COVID-19: Preparing for return to normalcy
When the lockdown was announced in India on March 24, we had around 570 confirmed cases and approximately 10 deaths due to Covid-19.
When the lockdown was announced in India on March 24, we had around 570 confirmed cases and approximately 10 deaths due to Covid-19. On May 17, the National Disaster Management Authority extended the lockdown until May 31. At that time, the total number of cases was touching 91,000 with nearly 3,000 Covid deaths. It is anyone’s guess what the figures would be on May 31. One can argue the rate of infection has slowed down a bit, but that is hardly any consolation.
When the entire country was at a standstill, with factories, airports, railways, road transport and offices were closed, the virus managed to infect almost a lakh of people. Either, we have failed miserably in containing the spread or the actual figure of infection when the lockdown was announced was many multiples of 500. The lockdown is no cure for the virus infection. It only provides precious time for the government to prepare the society, to improve its infrastructure to cater to the explosion in infection and to train the people in living with the virus until a vaccine or a cure is found.
Only a naïve optimist would suggest that we had successfully utilised the lockdown period. The galloping rates of infection point to the contrary. We have squandered away the opportunity. There has been no substantial jump in the availability of hospital beds, isolation wards or ventilators. If the present rate of infection is an indication, assuming it would remain the same even after lockdown ends, which is unlikely, we would have a full-blown crisis by the end of July that would rival what USA is facing. That is what many experts are predicting.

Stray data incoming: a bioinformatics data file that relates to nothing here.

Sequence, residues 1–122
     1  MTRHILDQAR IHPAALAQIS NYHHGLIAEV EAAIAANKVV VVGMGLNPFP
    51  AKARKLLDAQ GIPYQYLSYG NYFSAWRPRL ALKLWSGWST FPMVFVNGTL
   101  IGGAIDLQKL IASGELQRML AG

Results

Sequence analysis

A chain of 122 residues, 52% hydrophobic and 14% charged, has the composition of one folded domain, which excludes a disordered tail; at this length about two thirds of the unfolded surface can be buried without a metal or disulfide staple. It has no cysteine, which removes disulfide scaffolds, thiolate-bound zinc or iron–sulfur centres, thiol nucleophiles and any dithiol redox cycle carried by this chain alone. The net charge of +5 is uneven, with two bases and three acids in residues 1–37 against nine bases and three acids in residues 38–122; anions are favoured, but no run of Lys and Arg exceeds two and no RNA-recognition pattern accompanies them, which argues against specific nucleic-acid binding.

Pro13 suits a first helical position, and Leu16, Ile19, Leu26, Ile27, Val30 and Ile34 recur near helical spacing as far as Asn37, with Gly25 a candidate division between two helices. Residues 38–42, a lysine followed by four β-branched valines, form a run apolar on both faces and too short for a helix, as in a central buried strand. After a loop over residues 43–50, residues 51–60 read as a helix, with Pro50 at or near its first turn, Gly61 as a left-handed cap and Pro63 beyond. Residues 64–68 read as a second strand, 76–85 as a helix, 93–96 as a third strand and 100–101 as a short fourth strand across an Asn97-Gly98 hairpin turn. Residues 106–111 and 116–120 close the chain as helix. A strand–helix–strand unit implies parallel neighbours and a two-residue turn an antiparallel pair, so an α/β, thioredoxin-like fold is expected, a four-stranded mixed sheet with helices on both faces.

Continuing the lockdown infinitely is a solution that is worse than cure. The unfolding tragedy in our streets is heart-wrenching. If the lockdown continues, the misery that is walking on blistered feet of migrant labour on the streets, would sooner or later come knocking on the doors of the middle class and the privileged. The long line of the poor on long march is the ocean withdrawing before a tsunami.
Since experience has proved that there is no stopping the virus, lockdown or no lockdown, perhaps it is time to change our strategy. How long can we afford to stop all activities and sit locked at home? The food would run out, fuel would run out and we would trigger more deaths due to starvation than the virus.
We need to learn to live with the virus. Coronavirus is not the first virus to infect humans. Civilisations have faced much serious virus infections from plague, smallpox, Spanish flu etc and lived to tell the tales. When smallpox hit, it was the infected who was locked away and not the entire world. Conduct test, isolate and quarantine vigorously, but shutting down everything indefinitely is no solution. If we see the death rates, it is lesser than many other epidemics. To put things in perspective, WHO reported in 2019 that close to 180 crore people were active carriers of TB in the world and in that year alone, 15 lakh died of the disease, close to the yearly average for last few decades.
In comparison, coronavirus has claimed 3.25 lakh lives so far. The reason why Covid-19 has created such a paranoia is because it killed more people in the west. TB, dengue etc are the headache of the developing countries and do not trigger a global lockdown. What is happening now is a run on our hospitals. Not everyone who is affected by Covid needs hospitalisation. Majority recover without any treatment. By crowding the hospitals, sealing apartments, creating panic and locking down the country, we are creating a situation that no one can manage. How long can we keep sealing streets in a crowded country of 135-crore people? How long would hospitals postpone treatment of other patients and reserve the precious beds for those who have something akin to common cold? It is time to prepare for a return to normalcy while keeping basic firstname.lastname@example.org